I've finished two pairs of socks recently. One of these pairs was originally cast on something like two years ago (or maybe more?) so it's a relief to finally be done with them!
Both pair are plain, since the yarn is multicolored. As you might see from the pic, though, they achieved this end via different constructions. I'm slowly expanding my sock construction repertoire. I think it's neat that such a simple functional item, which most (non-knitter) people don't think twice about, can hide a rich topic for contemplation and experimentation.
For the blue-ish pair (which I mentioned before, and is the pair I started recently) I followed the Gusset Heel Basic Socks pattern from Wendy's book. I tried to use up all the yarn but they got too huge, I've got some leftovers. I usually use 2.0 mm needles, but for these I used 2.5 mm, since the yarn has nylon in it I'm confident these guys are gonna last despite the loose gauge. This pair goes to my bf, who looks forward to living in a climate where all these things I'm knitting for him will actually be useful.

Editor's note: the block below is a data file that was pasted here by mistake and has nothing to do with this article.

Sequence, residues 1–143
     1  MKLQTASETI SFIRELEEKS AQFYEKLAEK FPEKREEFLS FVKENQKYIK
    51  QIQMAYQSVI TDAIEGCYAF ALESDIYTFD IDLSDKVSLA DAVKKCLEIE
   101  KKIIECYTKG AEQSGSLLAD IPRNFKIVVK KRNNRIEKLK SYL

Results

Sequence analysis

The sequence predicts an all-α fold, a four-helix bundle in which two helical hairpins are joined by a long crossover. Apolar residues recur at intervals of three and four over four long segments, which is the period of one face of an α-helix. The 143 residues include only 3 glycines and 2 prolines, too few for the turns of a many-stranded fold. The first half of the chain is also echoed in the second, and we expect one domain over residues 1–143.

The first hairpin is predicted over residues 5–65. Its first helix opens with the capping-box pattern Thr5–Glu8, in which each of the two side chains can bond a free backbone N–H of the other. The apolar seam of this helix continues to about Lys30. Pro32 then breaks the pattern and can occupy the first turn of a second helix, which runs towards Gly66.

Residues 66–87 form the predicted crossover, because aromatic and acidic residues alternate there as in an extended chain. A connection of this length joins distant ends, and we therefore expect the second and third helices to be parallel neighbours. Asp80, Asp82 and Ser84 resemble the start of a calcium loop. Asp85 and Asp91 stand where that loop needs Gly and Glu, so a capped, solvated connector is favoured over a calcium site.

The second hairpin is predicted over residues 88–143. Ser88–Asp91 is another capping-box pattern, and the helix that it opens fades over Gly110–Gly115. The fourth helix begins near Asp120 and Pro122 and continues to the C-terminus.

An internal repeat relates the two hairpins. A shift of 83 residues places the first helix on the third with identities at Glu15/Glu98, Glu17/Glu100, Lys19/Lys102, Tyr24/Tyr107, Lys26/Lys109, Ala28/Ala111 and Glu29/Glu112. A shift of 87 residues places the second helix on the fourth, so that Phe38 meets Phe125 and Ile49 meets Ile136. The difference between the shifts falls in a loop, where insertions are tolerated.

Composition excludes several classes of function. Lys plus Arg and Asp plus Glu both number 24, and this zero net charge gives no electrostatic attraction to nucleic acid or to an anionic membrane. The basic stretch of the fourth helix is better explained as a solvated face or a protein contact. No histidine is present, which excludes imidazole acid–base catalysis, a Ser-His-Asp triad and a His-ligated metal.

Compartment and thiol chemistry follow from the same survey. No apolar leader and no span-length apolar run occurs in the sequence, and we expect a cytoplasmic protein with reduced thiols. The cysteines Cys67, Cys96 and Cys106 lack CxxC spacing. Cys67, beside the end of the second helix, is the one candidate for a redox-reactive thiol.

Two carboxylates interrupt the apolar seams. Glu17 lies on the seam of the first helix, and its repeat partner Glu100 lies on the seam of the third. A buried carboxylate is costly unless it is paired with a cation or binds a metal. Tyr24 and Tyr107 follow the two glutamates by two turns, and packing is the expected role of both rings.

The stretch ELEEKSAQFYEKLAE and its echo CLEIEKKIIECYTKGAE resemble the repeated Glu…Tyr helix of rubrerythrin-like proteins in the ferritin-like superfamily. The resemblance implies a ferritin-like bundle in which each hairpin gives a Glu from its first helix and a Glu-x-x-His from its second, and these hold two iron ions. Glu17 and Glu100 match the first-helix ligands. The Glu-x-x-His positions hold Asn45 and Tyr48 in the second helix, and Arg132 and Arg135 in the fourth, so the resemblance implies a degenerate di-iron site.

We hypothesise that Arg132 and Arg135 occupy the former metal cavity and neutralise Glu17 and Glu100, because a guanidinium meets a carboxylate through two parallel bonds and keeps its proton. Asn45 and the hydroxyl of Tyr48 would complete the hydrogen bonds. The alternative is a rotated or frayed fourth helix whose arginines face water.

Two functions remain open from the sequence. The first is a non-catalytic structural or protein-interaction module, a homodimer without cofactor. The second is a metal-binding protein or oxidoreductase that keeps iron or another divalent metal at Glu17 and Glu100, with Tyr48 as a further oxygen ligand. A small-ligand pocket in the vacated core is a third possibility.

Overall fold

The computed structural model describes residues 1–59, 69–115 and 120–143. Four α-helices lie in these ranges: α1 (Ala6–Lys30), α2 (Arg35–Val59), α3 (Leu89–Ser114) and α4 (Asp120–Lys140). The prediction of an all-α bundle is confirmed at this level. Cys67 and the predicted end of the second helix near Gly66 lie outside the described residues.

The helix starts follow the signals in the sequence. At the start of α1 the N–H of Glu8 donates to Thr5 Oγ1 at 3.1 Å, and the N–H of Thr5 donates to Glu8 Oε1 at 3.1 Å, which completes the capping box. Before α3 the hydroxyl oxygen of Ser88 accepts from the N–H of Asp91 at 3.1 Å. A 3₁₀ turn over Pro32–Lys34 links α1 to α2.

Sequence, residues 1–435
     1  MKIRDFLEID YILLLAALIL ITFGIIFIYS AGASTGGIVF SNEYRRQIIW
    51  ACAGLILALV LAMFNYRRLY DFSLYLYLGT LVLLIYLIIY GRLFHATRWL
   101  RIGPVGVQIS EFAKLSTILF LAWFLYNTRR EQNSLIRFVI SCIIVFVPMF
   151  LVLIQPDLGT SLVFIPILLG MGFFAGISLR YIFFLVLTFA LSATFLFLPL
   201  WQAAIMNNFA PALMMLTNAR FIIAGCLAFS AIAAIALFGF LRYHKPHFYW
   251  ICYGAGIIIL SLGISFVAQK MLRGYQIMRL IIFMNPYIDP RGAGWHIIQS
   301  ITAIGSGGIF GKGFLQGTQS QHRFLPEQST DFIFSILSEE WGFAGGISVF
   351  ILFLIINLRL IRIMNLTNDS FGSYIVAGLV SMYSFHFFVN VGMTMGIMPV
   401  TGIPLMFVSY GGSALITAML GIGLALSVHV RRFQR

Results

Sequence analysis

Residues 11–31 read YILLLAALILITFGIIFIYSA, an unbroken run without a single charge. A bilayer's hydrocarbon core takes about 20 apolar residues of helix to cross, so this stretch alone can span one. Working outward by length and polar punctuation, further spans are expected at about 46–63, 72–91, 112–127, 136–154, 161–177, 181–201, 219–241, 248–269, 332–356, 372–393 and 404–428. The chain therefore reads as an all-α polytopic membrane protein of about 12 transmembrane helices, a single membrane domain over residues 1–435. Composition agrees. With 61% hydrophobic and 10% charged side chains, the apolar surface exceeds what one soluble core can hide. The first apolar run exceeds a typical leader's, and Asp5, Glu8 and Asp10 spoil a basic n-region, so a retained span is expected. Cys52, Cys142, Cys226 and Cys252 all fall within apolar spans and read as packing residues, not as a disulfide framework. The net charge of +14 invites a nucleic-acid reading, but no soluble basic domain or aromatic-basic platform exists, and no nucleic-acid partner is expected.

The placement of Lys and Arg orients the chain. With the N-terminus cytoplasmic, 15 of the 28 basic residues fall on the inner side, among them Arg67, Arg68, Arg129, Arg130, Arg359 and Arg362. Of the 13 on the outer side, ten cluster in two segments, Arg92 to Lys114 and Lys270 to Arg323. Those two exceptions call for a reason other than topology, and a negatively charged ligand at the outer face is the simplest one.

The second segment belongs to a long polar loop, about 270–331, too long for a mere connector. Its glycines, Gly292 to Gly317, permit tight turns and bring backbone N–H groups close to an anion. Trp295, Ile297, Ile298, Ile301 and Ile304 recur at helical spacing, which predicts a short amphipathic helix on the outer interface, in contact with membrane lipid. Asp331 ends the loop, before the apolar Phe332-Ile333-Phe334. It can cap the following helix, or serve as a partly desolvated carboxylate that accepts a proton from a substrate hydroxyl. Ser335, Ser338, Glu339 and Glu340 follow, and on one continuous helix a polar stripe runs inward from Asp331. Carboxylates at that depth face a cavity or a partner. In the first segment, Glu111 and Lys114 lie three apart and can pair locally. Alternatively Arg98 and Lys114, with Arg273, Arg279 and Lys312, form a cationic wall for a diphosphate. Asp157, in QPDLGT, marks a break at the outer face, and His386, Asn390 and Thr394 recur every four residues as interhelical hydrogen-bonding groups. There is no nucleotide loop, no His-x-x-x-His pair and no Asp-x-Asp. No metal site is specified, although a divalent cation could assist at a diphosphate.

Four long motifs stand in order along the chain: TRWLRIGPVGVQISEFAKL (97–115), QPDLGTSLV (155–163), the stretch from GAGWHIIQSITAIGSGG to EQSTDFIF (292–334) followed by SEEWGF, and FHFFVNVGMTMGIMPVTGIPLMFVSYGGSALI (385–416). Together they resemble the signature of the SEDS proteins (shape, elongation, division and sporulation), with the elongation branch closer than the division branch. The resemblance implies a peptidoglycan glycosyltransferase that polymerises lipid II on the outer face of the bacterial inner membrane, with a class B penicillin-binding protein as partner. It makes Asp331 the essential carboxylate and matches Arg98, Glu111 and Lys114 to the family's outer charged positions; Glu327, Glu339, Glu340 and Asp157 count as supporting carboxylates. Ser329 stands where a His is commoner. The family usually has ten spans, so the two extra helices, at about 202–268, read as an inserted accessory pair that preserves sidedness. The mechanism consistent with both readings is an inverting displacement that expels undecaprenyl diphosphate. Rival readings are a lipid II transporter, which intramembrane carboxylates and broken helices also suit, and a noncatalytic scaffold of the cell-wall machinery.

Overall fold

clear description. In fact the first sock's heel was done differently as I mentioned earlier, but the second heel was done as the YH did. The end result is nice, and the color changes are remarkably uniform throughout the sock. These will go to a good friend whose has probably forgotten that I promised him a pair of socks, it was so long ago. I'm not going to remind him before sending these off, because the thought of my friend checking the mailbox one fine random day and finding a pair of handmade socks is too funny!
Anyway, of the two methods of heel construction, I'd say the afterthought heel is more annoying to make but does look prettier. For self-striping yarn I might do it again, if only because it prevents the heels from messing with the color changes. With solid yarn though, the boredom of knitting such a long tube from toe to calf of plain stockinette without even and increases or decreases is not worth it.